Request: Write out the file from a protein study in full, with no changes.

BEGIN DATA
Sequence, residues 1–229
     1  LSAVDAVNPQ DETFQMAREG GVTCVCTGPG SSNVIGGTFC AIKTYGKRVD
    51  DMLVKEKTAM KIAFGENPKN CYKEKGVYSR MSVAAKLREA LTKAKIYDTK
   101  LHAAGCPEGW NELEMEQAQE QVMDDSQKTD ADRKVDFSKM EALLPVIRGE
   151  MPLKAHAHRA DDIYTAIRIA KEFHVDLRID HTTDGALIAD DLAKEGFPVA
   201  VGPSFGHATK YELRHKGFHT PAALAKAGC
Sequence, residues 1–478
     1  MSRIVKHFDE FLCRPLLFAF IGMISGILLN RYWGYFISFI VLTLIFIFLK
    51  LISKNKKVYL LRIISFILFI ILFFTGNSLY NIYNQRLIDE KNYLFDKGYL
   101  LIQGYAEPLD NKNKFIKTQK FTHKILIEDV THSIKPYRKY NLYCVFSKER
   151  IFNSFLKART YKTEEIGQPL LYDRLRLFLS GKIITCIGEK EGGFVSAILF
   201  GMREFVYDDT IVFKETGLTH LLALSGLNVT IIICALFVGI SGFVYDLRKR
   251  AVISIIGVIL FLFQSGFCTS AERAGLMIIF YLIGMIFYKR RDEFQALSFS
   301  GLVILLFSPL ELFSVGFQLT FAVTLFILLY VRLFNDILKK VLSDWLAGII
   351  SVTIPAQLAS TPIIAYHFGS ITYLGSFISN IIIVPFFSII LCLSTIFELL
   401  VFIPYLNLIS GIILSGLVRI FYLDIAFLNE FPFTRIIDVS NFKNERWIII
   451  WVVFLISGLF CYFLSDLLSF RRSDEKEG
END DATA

Sequence, residues 1–229
     1  LSAVDAVNPQ DETFQMAREG GVTCVCTGPG SSNVIGGTFC AIKTYGKRVD
    51  DMLVKEKTAM KIAFGENPKN CYKEKGVYSR MSVAAKLREA LTKAKIYDTK
   101  LHAAGCPEGW NELEMEQAQE QVMDDSQKTD ADRKVDFSKM EALLPVIRGE
   151  MPLKAHAHRA DDIYTAIRIA KEFHVDLRID HTTDGALIAD DLAKEGFPVA
   201  VGPSFGHATK YELRHKGFHT PAALAKAGC
Sequence, residues 1–478
     1  MSRIVKHFDE FLCRPLLFAF IGMISGILLN RYWGYFISFI VLTLIFIFLK
    51  LISKNKKVYL LRIISFILFI ILFFTGNSLY NIYNQRLIDE KNYLFDKGYL
   101  LIQGYAEPLD NKNKFIKTQK FTHKILIEDV THSIKPYRKY NLYCVFSKER
   151  IFNSFLKART YKTEEIGQPL LYDRLRLFLS GKIITCIGEK EGGFVSAILF
   201  GMREFVYDDT IVFKETGLTH LLALSGLNVT IIICALFVGI SGFVYDLRKR
   251  AVISIIGVIL FLFQSGFCTS AERAGLMIIF YLIGMIFYKR RDEFQALSFS
   301  GLVILLFSPL ELFSVGFQLT FAVTLFILLY VRLFNDILKK VLSDWLAGII
   351  SVTIPAQLAS TPIIAYHFGS ITYLGSFISN IIIVPFFSII LCLSTIFELL
   401  VFIPYLNLIS GIILSGLVRI FYLDIAFLNE FPFTRIIDVS NFKNERWIII
   451  WVVFLISGLF CYFLSDLLSF RRSDEKEG